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film criticism by maryann johanson | since 1997

Group (review)

If there’s a single fatal flaw common to many indies produced on minuscule budgets, it’s that no matter the talent and innovation of writers and directors, nonprofessional actors often aren’t able to do their material justice. But the most extraordinary thing about Group is the wholly believable and heart-wrenching depths of despair reached by the cast assembled by filmmakers and new-media artists Anne de Marcken and Marilyn Freeman. For their experimental mock documentary about a women’s therapy group, they gathered together some local Pacific Northwest theater actors, alt-rock Sleater-Kinney’s Carrie Brownstein, queer activist Nomy Lamm, and other enthusiastic amateur thespians, gave them extensive backgrounds on their characters, and let them improvise their weekly group-therapy sessions before a handful of digital video cameras. Six-up video images immerse us in the encounters between eight diverse women facing very different personal traumas, and if the film isn’t completely satisfying from a story perspective — with just two or three characters elbowing out the others for screen time, we learn very little about most of them, and only one character has a complete arc — it’s more than made up for by its emotional intensity. Bravo to all for bringing to the screen real issues real women deal with, and doing so in so unsentimental a manner.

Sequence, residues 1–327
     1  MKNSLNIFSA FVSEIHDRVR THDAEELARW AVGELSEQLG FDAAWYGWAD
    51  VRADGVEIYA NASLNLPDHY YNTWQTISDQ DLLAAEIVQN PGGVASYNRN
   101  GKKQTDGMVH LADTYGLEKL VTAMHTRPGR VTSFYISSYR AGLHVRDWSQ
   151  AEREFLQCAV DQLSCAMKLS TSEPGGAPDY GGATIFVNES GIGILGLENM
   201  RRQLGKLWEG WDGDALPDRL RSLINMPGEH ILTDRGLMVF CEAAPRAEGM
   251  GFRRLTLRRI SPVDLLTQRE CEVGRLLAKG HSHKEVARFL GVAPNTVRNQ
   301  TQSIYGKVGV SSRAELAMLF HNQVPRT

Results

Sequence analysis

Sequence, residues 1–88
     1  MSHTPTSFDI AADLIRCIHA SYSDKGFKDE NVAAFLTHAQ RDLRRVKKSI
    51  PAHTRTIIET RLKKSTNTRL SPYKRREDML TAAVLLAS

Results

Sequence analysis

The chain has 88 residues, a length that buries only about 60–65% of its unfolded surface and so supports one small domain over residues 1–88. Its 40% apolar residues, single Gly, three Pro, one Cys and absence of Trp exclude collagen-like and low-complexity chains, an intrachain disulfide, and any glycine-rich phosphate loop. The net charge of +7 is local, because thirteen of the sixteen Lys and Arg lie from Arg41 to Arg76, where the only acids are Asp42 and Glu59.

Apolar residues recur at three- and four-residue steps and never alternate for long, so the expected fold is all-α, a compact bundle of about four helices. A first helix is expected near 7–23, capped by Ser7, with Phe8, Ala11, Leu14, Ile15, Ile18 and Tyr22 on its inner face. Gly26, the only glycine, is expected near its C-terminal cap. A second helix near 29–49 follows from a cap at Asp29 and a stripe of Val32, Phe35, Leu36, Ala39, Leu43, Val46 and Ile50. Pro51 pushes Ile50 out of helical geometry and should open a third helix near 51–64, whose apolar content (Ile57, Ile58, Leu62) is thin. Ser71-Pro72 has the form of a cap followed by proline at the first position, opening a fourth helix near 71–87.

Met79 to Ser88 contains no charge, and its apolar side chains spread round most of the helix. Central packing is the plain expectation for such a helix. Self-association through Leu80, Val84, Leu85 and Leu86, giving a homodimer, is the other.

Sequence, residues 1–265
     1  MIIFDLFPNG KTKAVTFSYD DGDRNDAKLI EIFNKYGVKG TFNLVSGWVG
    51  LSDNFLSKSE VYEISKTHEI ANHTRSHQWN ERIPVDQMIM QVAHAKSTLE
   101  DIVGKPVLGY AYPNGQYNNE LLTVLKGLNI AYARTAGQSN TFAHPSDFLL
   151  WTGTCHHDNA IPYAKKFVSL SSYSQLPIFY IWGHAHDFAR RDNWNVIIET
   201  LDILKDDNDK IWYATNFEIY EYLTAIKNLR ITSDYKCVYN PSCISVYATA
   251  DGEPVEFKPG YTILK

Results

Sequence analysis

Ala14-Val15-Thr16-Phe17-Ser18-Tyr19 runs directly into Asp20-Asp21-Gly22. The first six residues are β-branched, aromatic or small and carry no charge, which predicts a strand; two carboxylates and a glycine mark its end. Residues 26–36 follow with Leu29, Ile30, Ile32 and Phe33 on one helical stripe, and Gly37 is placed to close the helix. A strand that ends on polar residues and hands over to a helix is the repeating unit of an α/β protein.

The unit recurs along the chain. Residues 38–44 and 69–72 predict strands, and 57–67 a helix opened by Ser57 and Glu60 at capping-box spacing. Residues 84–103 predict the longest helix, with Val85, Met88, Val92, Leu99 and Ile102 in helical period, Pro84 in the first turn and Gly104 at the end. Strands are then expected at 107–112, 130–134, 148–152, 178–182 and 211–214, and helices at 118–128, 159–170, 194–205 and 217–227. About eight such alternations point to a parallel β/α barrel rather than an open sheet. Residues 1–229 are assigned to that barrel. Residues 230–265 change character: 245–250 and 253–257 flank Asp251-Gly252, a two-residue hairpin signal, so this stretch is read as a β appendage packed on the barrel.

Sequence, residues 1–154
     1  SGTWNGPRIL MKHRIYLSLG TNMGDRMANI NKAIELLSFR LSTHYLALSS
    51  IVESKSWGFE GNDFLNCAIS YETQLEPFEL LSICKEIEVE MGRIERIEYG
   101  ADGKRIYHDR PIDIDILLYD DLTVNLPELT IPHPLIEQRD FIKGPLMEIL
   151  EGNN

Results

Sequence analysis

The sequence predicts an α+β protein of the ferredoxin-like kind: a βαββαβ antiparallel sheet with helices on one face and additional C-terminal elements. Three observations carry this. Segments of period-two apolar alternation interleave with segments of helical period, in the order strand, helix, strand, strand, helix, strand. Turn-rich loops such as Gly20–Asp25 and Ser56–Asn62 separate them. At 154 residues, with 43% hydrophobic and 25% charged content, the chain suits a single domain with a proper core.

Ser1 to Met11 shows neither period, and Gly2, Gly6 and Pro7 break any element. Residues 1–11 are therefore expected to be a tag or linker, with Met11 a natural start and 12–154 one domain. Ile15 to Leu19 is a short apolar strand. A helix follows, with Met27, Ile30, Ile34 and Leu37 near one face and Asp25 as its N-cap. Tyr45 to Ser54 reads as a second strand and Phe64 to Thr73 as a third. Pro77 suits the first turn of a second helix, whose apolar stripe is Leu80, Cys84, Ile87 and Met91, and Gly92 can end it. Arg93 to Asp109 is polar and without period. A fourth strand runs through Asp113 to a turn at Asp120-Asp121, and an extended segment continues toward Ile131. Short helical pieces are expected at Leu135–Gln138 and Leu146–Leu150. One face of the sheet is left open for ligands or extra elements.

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MPAA: not rated

viewed at a private screening with an audience of critics

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